Rose Canyon Fault
Rose Canyon Fault is a right-lateral strike-slip fault running in a north-south direction through San Diego County, California. Only in the 20th century has it become a concern, as mostly the region where the fault is located has not been significantly or substantially populated. The fault is capable of generating a 7.0 magnitude quake, with 8.0 magnitudes as it upper range.
The Rose Canyon Fault is about 30 km (19 mi) in length. It starts in the Mission Valley area and heads, past Mt. Soledad and La Jolla, into the Pacific ocean, where it joins other faults, such as the Oceanside Fault.
The Rose Canyon Fault has sustained at least one late Holocene rupture, with the date of the earthquake estimated to be after AD 1450 and most likely prior to construction of the San Diego Mission in 1769, as a large historical Rose Canyon earthquake would likely have destroyed that mission.
The Rose Canyon Fault has recently[when?] garnered more attention because it runs through such highly populated areas, but is not thought to be much of a threat. However, some geophysicists, such as San Diego local Jeff Babcock, have hypothesized that a concentrated earthquake involving the Rose Canyon, Oceanside, and Newport-Inglewood faults could result in an earthquake up to magnitude 7.6 on the moment magnitude scale.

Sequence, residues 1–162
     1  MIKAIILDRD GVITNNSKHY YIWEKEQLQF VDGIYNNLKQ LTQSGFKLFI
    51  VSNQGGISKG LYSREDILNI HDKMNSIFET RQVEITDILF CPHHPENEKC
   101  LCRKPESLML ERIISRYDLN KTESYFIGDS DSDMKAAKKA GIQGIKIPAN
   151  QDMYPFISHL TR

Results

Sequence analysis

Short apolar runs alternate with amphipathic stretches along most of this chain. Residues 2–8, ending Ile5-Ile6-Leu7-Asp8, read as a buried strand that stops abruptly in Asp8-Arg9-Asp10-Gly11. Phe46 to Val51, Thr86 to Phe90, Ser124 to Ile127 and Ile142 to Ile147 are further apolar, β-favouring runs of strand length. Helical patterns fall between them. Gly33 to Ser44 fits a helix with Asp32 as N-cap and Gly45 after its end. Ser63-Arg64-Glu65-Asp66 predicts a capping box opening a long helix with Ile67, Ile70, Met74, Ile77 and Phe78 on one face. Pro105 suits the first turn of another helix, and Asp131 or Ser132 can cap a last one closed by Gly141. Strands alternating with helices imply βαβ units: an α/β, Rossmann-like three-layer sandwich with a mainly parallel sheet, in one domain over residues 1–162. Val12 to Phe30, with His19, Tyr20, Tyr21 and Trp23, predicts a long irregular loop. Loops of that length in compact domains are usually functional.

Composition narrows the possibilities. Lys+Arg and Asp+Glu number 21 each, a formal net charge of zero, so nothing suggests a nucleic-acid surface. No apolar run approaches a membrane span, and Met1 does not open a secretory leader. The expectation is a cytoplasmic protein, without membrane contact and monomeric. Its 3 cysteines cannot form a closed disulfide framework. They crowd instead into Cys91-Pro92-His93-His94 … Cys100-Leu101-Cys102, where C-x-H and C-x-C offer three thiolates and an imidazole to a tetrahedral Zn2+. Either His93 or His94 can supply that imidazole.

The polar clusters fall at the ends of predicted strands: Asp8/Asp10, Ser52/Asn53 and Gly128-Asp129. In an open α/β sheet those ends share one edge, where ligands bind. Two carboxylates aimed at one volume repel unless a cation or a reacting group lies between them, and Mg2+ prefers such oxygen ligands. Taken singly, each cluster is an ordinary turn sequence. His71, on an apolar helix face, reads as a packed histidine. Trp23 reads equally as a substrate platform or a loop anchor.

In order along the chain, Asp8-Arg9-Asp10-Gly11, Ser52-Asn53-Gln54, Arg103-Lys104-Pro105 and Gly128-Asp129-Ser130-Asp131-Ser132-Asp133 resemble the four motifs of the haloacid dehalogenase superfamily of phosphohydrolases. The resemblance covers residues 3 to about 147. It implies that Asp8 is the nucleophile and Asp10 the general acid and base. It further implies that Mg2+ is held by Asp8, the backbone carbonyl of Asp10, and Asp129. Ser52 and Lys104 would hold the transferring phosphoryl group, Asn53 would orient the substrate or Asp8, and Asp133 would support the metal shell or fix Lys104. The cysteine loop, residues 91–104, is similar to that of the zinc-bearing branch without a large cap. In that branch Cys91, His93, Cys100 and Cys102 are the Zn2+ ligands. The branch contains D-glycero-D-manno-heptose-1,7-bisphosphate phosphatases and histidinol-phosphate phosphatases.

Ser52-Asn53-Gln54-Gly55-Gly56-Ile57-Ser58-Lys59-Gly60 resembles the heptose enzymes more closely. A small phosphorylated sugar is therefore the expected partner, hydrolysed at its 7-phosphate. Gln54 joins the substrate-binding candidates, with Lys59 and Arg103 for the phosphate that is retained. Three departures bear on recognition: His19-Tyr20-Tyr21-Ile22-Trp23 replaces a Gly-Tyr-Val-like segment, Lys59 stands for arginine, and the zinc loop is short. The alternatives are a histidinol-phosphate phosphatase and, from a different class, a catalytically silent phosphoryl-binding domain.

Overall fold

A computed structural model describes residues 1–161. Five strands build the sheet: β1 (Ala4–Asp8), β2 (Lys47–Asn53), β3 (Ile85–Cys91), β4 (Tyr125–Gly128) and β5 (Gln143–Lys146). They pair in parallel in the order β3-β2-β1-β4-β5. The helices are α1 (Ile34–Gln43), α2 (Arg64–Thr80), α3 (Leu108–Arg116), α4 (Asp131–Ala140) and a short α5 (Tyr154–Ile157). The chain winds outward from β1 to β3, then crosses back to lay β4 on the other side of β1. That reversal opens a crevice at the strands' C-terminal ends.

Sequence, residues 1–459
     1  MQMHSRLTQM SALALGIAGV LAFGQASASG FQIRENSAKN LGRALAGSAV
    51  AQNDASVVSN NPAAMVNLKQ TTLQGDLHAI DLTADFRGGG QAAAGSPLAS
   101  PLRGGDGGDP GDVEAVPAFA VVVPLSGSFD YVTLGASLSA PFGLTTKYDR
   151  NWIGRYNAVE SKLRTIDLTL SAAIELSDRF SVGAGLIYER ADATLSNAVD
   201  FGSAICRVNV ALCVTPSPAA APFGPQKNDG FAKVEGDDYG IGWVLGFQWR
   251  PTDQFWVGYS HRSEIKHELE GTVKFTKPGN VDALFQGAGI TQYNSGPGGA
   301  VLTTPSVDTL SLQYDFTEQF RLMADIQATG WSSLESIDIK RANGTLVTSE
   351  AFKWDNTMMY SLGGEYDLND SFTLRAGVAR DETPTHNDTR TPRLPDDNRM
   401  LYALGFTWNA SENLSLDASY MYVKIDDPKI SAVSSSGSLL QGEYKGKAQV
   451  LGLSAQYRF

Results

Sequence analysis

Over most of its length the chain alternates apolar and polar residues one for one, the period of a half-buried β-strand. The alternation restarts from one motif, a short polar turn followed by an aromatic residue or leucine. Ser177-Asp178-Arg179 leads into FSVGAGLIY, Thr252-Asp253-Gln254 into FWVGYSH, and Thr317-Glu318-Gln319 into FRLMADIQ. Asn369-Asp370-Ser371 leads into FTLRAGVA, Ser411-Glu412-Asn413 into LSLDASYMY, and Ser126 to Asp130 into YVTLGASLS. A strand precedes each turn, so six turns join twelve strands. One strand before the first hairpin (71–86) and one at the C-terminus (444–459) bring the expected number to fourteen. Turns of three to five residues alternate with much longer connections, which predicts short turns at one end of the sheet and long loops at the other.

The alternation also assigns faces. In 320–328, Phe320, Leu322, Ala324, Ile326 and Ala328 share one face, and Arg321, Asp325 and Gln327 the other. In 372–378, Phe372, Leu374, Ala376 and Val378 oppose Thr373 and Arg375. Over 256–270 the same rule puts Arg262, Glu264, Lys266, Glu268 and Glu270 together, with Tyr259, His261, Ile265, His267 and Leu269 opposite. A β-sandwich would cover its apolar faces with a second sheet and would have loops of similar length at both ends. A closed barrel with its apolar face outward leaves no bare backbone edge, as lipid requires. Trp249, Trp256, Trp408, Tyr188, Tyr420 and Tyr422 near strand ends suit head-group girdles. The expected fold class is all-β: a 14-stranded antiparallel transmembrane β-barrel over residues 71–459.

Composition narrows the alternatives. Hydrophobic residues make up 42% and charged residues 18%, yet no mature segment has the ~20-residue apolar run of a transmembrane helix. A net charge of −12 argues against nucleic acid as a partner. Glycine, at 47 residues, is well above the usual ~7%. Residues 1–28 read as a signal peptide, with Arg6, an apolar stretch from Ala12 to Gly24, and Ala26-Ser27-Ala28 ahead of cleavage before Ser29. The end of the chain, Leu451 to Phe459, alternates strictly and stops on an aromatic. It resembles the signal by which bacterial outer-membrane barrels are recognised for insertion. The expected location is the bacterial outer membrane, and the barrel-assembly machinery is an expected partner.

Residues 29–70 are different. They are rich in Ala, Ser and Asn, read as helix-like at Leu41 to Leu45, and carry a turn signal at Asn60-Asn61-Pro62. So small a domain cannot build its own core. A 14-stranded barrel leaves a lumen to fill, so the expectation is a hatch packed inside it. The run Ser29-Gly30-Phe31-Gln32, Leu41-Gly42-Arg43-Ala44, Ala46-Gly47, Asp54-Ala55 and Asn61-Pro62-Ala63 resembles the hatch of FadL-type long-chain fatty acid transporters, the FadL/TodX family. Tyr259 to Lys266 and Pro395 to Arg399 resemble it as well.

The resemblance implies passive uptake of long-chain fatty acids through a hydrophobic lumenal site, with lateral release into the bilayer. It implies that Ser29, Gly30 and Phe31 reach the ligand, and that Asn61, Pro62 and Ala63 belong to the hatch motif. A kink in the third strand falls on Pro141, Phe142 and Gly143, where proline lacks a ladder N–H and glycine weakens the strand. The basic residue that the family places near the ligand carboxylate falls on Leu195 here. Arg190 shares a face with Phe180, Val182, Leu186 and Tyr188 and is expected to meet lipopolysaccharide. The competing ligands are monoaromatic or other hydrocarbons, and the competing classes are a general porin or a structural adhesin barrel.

- Hart, E.W., Bryant, W.A., Wills, C.J., Treiman, J.A., and Kahle, J.E., "Summary Report: Fault Evaluation Program, 1987-1988, Southwestern Basin and Range Region and Supplemental Areas. Depart of Conservation, Division of Mines and Geology Open-File Report", 1989, "" March 2, 2010
- Monroe, Robert, "Finding Faults", 2002, "" March 2, 2010
- Southern California Edison, Paleoseismic Assessment of the Late Holocene Rupture History of the Rose Canyon Fault in San Diego, December, 2012 ""